As reality sank in that the handbag would not be found, a plan of action was needed for Christine to be able to leave the country without her passport. The lost money and credit cards didn't really matter. They were insured and could be replaced. However, replacing a passport was another matter. For all the authorities could care, she was merely an illegal alien trying to gain entry into Hong Kong. It got sorted out in the end. Her husband in Hong Kong managed to fax through some emergency paperwork to prove she held a Hong Kong passport and was not a Chinese resident.

I felt bad about it all. I was supposed to be looking after the stand. The storage room was supposed to have been locked. I'd fucked up. No one blamed me mind you, but I still felt that I'd accidentally made an error and caused no end of panic and grief for Christine. It spoiled an otherwise pleasing visit to China.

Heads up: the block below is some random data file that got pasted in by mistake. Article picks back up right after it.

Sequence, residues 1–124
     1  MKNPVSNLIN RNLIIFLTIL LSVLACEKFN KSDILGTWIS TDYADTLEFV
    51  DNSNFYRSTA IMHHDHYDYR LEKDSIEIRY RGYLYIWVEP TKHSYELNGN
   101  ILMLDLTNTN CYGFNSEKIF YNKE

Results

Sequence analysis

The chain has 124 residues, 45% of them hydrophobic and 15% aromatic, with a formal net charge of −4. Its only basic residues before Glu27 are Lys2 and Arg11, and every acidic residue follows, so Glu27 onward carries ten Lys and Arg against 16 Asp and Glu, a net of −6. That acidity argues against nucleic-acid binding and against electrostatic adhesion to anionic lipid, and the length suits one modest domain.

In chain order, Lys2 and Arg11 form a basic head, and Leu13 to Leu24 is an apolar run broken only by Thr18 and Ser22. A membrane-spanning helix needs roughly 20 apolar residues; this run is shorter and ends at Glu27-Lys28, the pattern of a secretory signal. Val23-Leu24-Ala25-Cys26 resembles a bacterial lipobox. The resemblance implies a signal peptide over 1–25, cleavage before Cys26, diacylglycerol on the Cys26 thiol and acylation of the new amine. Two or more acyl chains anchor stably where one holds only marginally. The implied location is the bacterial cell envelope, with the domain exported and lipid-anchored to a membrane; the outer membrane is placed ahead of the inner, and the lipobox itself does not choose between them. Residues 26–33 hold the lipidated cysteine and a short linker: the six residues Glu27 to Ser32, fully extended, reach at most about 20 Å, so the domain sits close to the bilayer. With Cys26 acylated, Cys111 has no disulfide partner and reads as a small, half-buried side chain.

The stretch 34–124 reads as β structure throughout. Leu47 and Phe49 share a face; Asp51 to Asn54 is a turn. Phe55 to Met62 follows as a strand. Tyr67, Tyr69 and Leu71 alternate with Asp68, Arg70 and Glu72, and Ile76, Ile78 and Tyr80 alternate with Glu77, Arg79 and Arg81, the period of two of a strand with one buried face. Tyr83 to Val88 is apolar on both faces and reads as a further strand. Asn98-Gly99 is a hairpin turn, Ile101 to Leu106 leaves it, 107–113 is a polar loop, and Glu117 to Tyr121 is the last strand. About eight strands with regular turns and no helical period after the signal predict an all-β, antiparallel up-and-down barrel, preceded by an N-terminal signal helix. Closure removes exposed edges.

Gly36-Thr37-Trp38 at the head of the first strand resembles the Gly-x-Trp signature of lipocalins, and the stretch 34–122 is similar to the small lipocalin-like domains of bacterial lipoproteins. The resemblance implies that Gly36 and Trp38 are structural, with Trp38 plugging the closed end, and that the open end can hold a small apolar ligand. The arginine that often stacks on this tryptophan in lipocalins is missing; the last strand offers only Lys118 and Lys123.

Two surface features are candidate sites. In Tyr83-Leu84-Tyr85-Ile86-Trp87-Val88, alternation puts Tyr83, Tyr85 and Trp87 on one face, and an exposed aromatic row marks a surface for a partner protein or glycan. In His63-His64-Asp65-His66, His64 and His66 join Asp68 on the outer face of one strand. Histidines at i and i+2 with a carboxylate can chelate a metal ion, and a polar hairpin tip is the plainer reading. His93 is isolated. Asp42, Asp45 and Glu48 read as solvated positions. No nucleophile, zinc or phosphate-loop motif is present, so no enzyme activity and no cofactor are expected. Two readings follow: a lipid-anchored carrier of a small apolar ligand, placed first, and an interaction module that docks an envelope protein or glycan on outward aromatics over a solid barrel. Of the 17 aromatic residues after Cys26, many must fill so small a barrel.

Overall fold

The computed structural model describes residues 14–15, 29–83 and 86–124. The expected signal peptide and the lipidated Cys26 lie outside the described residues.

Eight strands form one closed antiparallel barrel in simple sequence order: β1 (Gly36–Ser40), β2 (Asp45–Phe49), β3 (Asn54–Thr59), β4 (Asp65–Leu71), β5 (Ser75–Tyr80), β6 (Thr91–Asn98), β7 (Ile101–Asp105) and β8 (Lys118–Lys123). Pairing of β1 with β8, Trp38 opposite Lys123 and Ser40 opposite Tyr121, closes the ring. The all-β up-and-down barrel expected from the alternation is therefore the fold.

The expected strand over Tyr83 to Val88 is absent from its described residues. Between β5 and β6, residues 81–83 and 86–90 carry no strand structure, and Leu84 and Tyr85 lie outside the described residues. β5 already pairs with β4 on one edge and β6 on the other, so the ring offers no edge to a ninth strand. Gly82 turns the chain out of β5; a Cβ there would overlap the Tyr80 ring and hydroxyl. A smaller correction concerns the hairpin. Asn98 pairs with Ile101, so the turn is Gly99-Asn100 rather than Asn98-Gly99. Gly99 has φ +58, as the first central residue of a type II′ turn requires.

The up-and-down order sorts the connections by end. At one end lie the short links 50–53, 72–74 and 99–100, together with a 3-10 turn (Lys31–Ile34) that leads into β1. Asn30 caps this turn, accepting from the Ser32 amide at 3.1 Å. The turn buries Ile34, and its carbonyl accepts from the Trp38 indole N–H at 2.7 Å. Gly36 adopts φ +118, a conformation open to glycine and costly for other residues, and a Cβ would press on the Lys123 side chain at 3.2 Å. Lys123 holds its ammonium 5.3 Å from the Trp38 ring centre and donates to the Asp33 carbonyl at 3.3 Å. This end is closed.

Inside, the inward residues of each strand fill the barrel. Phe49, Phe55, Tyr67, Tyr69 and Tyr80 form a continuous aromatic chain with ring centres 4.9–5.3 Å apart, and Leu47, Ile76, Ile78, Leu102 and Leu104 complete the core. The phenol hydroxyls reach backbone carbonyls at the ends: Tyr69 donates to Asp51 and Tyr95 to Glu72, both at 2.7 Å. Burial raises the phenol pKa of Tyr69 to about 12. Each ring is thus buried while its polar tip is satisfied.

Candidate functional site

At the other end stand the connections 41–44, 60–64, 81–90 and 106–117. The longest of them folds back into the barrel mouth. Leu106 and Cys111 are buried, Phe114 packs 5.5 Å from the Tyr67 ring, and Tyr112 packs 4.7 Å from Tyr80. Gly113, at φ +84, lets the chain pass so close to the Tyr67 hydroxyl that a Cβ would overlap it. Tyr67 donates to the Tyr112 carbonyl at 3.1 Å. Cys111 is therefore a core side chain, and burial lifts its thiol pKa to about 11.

When I returned to the UK, I worked out my expenses. I was not on allowances for this particular trip so had hardly pocketed any money. I therefore decided that I had lost some cash on the to way to China, in Amsterdam airport. The cash was in my pocket one minute and gone the next I would tell the boss. I was certain I wasn't pick-pocketed, I would continue, so the money must have fell out of my pocket at some point, maybe when I bought some food. Naughty me, but what the hell, this place I'd worked for had on many occasions took the piss out of me, forcing me to travel when I did not want too, expecting me to go to certain the countries the week my wife was due to give birth, and they once dared to ask me to cancel my honeymoon to go to Indonesia. Me claiming that I'd lost a "bogus" couple of hundred quid was peanuts really. It was a form of payback for all the ridiculous and irrational demands they had expected.